11. 11. Section 2 A Society on the Move 3. To support the growing “car culture,” in 1953 President Eisenhower authorized funding to build the interstate highway system. • In 1956, Congress passed the Interstate Highway Act, the biggest expenditure on public works in history. • Fast-food restaurants, drive-in movie theaters, and the travel and vacation industries all benefitted from the new roads.
  12. 12. Section 2 A Society on the Move Another crucial trend of the postwar era was the growth of the Sunbelt. 4. Factors that drew people to the Sunbelt included its warm, appealing climate and new jobs in the defense, aerospace, electronics, and petrochemical industries.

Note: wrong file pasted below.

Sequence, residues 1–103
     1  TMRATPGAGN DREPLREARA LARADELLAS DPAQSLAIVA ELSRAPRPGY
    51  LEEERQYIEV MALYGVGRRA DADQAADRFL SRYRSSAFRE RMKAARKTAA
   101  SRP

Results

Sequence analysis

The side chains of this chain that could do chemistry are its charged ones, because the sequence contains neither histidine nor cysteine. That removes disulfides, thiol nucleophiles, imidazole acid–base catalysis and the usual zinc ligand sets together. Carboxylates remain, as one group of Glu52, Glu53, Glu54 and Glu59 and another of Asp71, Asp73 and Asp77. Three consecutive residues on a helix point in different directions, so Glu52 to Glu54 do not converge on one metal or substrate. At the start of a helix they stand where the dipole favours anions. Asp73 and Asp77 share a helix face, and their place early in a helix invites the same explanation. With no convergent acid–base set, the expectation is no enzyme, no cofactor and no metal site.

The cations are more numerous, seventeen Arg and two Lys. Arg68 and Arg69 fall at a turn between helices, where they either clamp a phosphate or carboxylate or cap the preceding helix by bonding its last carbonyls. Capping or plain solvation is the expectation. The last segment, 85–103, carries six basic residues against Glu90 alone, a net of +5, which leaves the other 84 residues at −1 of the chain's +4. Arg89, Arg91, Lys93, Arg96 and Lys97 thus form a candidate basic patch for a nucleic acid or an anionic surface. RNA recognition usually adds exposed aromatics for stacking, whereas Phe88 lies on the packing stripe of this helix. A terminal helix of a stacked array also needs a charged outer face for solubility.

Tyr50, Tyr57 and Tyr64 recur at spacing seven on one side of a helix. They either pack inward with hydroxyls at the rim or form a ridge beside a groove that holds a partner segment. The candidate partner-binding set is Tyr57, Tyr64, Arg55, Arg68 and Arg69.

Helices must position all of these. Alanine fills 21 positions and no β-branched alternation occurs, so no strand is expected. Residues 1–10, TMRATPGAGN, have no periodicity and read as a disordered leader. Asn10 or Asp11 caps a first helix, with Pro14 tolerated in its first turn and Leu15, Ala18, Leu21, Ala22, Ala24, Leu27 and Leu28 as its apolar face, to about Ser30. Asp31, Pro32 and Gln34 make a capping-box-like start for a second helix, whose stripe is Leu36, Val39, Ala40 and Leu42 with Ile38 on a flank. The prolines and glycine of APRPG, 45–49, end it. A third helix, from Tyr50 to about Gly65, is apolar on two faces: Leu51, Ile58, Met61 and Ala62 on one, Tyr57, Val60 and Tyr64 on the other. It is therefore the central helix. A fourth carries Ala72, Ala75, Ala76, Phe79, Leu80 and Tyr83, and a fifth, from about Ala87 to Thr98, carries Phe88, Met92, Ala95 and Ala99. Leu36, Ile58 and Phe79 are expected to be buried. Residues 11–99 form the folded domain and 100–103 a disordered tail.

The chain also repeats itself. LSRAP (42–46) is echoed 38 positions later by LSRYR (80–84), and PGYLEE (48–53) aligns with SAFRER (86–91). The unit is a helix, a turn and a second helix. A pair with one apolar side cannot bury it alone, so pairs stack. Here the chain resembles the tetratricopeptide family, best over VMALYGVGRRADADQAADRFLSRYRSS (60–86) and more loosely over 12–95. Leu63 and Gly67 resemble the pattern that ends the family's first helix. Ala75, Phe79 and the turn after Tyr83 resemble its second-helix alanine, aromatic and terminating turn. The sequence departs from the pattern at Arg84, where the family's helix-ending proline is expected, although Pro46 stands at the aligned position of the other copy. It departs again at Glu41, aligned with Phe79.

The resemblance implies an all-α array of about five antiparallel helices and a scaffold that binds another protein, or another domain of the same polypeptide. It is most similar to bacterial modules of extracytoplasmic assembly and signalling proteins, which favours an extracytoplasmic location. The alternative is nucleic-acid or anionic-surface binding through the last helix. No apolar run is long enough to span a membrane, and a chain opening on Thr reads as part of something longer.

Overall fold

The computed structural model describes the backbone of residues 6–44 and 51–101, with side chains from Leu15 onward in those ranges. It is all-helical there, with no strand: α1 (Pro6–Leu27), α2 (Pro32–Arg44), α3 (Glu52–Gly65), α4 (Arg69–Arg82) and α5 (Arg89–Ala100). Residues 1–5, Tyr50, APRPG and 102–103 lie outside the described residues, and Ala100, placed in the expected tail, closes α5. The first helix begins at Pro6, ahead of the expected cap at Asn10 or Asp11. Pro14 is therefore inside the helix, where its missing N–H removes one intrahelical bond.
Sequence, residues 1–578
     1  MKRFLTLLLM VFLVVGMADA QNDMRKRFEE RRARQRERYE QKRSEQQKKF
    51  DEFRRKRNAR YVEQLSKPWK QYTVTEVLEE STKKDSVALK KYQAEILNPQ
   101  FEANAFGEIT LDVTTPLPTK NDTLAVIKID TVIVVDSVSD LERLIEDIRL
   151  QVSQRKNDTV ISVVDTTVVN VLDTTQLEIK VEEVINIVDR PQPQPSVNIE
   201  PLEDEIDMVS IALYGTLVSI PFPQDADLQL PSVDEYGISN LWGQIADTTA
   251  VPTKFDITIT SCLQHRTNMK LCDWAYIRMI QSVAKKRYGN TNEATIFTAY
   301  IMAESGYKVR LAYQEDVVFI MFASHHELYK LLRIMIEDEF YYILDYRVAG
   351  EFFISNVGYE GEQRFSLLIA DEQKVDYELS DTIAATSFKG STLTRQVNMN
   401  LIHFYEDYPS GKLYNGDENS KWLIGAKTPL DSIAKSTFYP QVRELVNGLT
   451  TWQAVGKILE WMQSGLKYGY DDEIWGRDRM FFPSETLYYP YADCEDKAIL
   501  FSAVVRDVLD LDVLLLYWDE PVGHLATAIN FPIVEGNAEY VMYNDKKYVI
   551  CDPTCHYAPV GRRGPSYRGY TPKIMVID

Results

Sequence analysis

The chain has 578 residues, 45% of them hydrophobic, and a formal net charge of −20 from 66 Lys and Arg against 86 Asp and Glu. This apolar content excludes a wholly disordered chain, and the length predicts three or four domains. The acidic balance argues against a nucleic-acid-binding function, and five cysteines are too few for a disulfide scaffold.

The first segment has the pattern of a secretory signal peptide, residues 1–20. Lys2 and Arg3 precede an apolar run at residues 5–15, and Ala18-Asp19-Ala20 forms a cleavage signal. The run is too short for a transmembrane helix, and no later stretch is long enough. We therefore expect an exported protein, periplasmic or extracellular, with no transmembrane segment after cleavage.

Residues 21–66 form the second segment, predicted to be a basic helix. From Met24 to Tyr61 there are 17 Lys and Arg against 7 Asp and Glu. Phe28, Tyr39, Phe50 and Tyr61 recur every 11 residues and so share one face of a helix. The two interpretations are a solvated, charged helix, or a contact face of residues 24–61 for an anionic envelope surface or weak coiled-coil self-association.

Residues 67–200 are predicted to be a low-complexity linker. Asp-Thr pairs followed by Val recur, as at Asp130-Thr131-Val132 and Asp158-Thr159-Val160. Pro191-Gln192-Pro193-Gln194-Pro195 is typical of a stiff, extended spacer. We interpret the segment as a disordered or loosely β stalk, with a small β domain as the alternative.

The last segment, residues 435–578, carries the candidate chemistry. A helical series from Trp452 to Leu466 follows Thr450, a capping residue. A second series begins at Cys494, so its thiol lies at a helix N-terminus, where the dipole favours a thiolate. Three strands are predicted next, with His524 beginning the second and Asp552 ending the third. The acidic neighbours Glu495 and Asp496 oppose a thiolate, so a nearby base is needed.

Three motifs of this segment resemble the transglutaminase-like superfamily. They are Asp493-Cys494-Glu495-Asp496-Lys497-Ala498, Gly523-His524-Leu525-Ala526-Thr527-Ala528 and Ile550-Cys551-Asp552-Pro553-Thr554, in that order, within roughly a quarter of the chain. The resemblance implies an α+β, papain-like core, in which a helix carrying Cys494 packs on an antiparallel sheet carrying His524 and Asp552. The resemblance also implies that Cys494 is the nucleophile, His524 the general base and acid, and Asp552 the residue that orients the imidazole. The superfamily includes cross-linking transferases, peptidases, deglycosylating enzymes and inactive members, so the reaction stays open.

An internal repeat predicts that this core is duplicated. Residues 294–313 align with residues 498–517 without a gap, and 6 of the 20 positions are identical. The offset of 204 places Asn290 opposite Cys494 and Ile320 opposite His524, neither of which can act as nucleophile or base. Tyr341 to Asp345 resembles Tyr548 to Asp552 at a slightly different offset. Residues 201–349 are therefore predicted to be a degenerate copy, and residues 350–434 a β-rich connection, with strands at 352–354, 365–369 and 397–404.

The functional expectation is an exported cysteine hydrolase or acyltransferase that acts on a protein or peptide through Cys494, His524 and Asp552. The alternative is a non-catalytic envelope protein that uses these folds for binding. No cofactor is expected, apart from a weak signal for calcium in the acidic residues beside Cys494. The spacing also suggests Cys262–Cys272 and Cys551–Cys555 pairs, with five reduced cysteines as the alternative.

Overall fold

13. 13. Section 2 A Society on the Move As Americans moved to the suburbs and the Sunbelt, these areas: • gained political power with increased congressional representation. • faced more environmental concerns such as air pollution and water shortages.
  14. 14. Section 2 A Society on the Move Population shifts were accompanied by equally ground-breaking structural changes in the American economy. For the first time in American history, more people found employment in the service sector than in the manufacturing sector.
  15. 15. Section 2 A Society on the Move The new white-collar workforce included many who worked in information industries. • The information industries often used computers. • By the 1960s, the government and private industry had found many uses for the computer.